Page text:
Note: Provides Age Equivalent score for both Listening Comprehension and Oral Expression

 

Preschool Language Scale-5 (PLS-5)
Ages Covered Normal Range of Standard Scores Reported As
0-7 85-115 Total LanguageAuditory Comprehension
Expressive Communication
Note: Provides Age Equivalent scores for both Auditory Comprehension and Expressive Communication

 

Clinical Evaluation of Language Fundamentals (CASL)
Ages Covered Normal Range of Standard Scores Reported As
3-21 85-115 Receptive Language Index
Expressive Language Index
Note: Individual subtests are reported as scaled scores. Need to report “Index Scores” as noted above

 

Test of Early Language Development-4 (TELD-4)
Ages Covered Normal Range of Standard Scores Reported As
3-7 years 85-115 Receptive Language Index 
Expressive Language Index
Note: Individual subtests are reported as scaled scores. Need to report “Index Scores” as noted above

 

Criterion Reference Tests of Overall Receptive/Expressive Language Skills:

Receptive-Expressive Emergent Language Test (REEL)
Ages Covered Normal Range of Standard Scores Reported As
0-3 years 90-110 Receptive Language Ability Score
Expressive Language Ability Score
Note: Age equivalent scores are also provided for Receptive and Expressive Language

 

Rosetti Infant Toddler Language Scales
Ages Covered Normal Range of Standard Scores Reported As
0-3 years Not reported by Standard scores Basal and Ceiling Age Equivalent scores for:
Interaction Attachment
Pragmatics
Gesture
Play
*Language Comprehension
*Language Expression
Note: Will list each basal and ceiling age equivalent as a range such as Basal 0-3 months; Ceiling 16-18 months. Only needed age equivalents are for Language Comprehension and Language Expression

 

Test of Early Communication and Emerging Language (TECEL)
Ages Covered Normal Range of Standard Scores Reported As
All Ages 90-110 Communicative Ability Index
(Encompasses receptive and expressive language skills)
Note: A single age equivalent is provided for “Overall” receptive/expressive language skills

 

Functional Communication Profile
Ages Covered Normal Range of Standard Scores Reported As
3 years through Adult None provided Only narrative information is provided and severity levels as:
Mild, Moderate, Severe, Profound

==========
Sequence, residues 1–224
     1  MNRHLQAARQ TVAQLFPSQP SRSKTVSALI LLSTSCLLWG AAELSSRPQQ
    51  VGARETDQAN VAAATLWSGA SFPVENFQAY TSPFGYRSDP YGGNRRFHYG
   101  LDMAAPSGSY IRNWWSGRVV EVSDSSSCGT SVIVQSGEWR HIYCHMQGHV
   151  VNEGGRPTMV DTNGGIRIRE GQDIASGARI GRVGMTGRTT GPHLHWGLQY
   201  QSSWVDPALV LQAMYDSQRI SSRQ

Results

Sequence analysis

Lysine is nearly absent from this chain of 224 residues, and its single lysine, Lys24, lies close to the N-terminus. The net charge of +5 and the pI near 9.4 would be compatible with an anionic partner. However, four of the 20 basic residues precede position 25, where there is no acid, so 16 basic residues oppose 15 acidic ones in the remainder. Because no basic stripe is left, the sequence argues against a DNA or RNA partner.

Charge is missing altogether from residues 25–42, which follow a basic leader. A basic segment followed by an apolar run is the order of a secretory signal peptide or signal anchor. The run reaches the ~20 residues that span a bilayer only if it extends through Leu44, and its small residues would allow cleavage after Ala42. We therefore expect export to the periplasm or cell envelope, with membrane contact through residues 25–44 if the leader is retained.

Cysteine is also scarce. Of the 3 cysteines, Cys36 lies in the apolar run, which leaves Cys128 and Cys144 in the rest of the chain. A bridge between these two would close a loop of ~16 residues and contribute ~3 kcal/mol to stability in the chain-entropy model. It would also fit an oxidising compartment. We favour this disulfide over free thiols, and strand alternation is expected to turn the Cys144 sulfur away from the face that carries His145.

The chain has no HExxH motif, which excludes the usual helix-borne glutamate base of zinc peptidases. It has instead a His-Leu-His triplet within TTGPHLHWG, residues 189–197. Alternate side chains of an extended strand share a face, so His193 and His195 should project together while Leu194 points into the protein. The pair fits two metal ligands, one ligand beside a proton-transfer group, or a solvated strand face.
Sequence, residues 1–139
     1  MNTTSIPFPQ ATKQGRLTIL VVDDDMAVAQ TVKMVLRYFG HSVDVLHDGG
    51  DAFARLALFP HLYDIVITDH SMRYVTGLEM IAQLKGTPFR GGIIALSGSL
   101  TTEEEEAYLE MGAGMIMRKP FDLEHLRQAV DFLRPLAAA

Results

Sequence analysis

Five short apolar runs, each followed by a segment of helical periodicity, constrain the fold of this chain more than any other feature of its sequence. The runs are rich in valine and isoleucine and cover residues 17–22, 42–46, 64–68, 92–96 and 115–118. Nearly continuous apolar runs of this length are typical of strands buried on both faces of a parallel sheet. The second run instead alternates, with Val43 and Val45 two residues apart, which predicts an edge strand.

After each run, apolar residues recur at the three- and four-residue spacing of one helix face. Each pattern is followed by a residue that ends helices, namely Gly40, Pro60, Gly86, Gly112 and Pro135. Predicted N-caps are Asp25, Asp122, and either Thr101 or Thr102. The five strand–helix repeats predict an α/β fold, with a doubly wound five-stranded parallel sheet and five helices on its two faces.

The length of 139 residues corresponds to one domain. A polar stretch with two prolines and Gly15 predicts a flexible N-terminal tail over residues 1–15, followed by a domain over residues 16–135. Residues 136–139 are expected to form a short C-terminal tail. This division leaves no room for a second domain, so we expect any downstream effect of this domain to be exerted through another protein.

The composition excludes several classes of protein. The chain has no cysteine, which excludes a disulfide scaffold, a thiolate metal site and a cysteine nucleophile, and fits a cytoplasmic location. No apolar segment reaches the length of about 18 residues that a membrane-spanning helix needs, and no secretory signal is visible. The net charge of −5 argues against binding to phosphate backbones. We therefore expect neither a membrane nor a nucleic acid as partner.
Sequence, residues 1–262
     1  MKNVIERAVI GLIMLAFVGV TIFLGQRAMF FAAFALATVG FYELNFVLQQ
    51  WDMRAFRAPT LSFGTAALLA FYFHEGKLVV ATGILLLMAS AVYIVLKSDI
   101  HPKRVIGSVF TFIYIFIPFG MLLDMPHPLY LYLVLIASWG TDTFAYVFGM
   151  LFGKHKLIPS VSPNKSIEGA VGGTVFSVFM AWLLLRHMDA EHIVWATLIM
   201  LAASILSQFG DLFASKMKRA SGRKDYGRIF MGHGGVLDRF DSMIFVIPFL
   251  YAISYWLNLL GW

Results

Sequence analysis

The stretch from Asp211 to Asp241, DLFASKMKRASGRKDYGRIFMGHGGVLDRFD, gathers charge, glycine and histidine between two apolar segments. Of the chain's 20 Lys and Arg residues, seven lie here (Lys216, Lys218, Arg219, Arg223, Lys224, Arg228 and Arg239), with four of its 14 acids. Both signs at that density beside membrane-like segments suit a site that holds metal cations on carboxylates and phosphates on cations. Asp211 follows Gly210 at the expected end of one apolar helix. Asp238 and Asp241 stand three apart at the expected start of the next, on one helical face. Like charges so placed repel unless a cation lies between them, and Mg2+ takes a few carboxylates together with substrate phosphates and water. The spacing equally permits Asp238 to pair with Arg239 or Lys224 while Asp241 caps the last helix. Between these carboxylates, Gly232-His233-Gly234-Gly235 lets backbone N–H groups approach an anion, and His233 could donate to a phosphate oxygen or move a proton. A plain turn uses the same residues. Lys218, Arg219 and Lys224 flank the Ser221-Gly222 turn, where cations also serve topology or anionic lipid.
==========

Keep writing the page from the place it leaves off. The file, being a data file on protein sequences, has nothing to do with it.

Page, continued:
Note: yields an overall inventory of an individual’s communication abilities, mode of communication (e.g., verbal, sign, nonverbal, augmentative), and degree of independence.

 

Standardized Tests for Articulation:

Goldman Fristoe Test of Articulation (GFTA)
Ages Covered Normal Range of Standard Scores Reported As
2-6 through 21-0 85-115 Standard Score
Age Equivalent Score
Note: None

 

Photo Articulation Test (PAT)
Ages Covered Normal Range of Standard Scores Reported As
3-0 through 8-11 85-115 Standard Score
Age Equivalent Score
Note: None

 

Clinical Assessment of Articulation and Phonology (CAAP)
Ages Covered Normal Range of Standard Scores Reported As
2-6 through 11-11 85-115 Standard Score
Age Equivalent Score
Note: None

 

Standardized Tests for Pragmatic Language Skills:

Test of Pragmatic Language (TOPL)
Ages Covered Normal Range of Standard Scores Reported As
6-0 through 18-11 85-115 Pragmatic Language Usage
Index
Age Equivalent Score
Note: None

 

Clinical Assessment of Pragmatics (CAPS)
Ages Covered Normal Range of Standard Scores Reported As
7-0 through 18-0 85-115 Core Pragmatic Language
Composite
Note: Individual subtests are reported as scaled scores. Need to report “Composite score” as noted above. There is no Age Equivalent score for this assessment.

 

Standardized Tests for Aphasia:

Boston Naming
Ages Covered Normal Range Reported As
18-79 90-100% Percentage

 

Boston Diagnostic Aphasia Exam
Ages Covered Normal Range Reported As